How Blind Smartphone Users Helped This Startup Test the Waters
During the conversation, Eleftheriou explained how their product had a true, life-changing connection with their target demographic -- blind people.
While presenting at their first demo in 2012 in front of a visually-impaired audience, people were moved to tears using their product Fleksy, a mobile application that allows people to use their phones without looking at the device. It was the first time many of these people experienced a product that is designed to help them forget their disability.
It was this news that inspired Verdelis to give it his all, no matter what he was up against.
While aspirations were high, the then 27-year-old co-founders faced considerable challenges. Among others, they had no funding and little experience disrupting a competitive mobile text-input market.
Still, their past milestones did help prepare them. Verdelis and Eletheriou had always known they wanted to start something together but needed to find the perfect opportunity.
Despite becoming fast friends during college, the two ended up parting ways after graduation with Verdelis taking up a consulting job in the United Kingdom and Eleftheriou moving to California to start a new venture. While living miles apart, both shared the same frustrations with their smartphones: It was hard to type text messages and emails on them. Deciding that this was the opportunity they had been waiting for to collaborate together, the two kicked into action.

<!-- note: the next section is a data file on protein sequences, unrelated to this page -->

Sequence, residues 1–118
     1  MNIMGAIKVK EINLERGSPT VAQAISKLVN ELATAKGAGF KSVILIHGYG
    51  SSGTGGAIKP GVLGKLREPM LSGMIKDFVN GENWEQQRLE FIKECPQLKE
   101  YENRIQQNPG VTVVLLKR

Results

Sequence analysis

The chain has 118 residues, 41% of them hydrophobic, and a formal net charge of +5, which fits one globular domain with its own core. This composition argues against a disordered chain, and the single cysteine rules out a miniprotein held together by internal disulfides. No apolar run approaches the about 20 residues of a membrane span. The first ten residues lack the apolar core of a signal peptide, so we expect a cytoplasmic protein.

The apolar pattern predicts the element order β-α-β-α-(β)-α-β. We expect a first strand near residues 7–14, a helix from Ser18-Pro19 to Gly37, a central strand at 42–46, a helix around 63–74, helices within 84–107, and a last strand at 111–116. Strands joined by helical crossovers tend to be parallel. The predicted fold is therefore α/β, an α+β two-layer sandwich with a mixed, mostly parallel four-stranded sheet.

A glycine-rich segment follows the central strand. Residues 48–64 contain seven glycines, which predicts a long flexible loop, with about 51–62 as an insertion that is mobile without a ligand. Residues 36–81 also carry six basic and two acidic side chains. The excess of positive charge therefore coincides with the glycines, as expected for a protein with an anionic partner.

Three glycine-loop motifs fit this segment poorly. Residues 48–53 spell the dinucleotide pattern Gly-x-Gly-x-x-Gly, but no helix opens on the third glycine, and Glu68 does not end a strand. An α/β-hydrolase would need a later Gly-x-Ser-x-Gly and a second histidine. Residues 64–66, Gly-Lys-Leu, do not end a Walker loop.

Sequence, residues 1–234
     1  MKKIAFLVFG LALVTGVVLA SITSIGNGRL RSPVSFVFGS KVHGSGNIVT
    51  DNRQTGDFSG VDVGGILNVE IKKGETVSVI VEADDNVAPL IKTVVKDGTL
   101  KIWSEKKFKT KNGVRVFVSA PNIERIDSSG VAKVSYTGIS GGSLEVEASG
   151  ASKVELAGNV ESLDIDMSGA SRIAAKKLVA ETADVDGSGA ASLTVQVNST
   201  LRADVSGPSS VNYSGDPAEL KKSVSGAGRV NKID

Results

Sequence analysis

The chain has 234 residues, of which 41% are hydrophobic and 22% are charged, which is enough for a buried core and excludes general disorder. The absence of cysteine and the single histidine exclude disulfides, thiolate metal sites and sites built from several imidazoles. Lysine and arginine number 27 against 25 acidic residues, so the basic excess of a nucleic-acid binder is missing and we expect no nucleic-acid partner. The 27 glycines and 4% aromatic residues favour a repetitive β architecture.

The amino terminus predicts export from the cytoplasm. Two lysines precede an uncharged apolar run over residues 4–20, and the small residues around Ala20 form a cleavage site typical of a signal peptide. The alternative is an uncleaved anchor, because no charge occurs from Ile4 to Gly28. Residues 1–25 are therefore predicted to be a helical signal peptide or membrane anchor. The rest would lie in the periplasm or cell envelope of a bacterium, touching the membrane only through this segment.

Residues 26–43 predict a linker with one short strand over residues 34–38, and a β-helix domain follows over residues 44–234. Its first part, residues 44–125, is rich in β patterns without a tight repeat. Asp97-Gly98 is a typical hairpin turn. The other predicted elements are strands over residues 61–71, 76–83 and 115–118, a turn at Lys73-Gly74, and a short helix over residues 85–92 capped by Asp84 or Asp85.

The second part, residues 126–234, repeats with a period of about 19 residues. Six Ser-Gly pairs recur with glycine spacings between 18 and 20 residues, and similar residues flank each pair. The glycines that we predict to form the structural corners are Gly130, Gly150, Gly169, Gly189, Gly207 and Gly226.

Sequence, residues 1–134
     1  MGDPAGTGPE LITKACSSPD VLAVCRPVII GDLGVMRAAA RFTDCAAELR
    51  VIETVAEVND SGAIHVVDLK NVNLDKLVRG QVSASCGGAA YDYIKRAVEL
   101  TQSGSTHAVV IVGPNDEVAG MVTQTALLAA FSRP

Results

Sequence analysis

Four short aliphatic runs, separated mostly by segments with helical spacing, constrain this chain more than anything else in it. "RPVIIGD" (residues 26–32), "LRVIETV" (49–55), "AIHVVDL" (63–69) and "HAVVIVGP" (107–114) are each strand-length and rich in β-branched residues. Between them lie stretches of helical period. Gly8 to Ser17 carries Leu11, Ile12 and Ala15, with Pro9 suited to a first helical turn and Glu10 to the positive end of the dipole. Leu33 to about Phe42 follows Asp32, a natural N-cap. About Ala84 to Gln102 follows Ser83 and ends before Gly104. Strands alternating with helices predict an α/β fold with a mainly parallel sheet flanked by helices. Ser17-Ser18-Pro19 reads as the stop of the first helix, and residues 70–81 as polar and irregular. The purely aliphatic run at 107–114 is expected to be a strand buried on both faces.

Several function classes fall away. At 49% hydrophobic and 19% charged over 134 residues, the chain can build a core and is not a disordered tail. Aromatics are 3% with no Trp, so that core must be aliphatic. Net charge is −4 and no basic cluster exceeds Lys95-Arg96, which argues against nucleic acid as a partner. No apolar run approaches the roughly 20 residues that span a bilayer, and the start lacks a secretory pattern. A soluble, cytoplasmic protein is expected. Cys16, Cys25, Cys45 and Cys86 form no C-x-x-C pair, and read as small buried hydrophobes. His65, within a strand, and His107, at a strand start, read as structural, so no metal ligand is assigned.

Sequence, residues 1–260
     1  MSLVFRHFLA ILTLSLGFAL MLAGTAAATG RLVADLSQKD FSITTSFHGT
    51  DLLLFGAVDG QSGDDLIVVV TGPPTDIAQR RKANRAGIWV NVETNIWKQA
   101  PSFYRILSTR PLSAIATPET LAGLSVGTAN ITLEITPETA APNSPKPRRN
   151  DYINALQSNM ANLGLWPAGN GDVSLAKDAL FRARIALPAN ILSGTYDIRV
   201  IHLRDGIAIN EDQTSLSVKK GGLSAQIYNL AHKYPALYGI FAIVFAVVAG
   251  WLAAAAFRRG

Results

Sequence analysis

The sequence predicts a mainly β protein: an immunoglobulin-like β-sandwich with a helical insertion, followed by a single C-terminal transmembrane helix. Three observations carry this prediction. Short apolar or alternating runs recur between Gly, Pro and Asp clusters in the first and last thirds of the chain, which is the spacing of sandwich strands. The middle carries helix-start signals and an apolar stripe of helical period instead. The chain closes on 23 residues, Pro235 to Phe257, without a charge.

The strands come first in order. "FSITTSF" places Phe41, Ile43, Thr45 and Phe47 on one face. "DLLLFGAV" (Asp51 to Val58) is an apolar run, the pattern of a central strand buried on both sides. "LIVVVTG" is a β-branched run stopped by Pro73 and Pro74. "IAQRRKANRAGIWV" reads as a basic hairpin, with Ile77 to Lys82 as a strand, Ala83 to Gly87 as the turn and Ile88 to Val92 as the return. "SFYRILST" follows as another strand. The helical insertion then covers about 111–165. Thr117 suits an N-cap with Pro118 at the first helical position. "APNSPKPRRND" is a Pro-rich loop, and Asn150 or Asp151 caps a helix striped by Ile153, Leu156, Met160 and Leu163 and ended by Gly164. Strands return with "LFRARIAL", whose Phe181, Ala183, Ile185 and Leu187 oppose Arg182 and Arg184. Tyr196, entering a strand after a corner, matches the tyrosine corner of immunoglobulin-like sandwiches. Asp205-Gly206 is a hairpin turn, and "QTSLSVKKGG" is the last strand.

The pair began chatting over Skype a few days a week about starting a business with their prototype. That lead to in person meetings. And then, as Fleksy started to gain momentum, Eletherious convinced Verdelis to pack up and move to California.
They demoed early versions to friends and family and were surprised with the positive results.
"It was important for us to have a prototype because we didn't have to explain anything, we could just show them," Verdelis recalls.
A prototype, alone, wouldn't be enough, however. Verdelis and Eletheriou realized that even in the most fortunate of cases, they would not be a million-dollar company overnight. It was going to take years of struggle, hard work and resilience.
So, they broke their vision into smaller, more tangible pieces -- starting with their target market. Instead of going after the hands-free loving public at large, they chose instead to focus on the niche market of blind and visually impaired people.
"As you break down the big target into smaller targets, you're refining your idea, learning and measuring progress along the way," says Verdelis.
An added benefit: This decision put their product in the hands of people that would help them know how to develop it even better. The test market of blind people isn't huge, but it wound up being big enough to provide revenues to continue adding features and proving the product's need in the marketplace.
As a result of their testing and strategic scaling, on day one of their launch in the AppStore, they were the third most downloaded app worldwide in the "productivity" category in iTunes. To date, they've raised $3.9 million in funding from prominent angel investors and VC firms including Kleiner Perkins Caufield & Byers, Highland Capital Partners and Middleland Capital.
They now have plans to roll out a version suited for the mainstream market by end of year.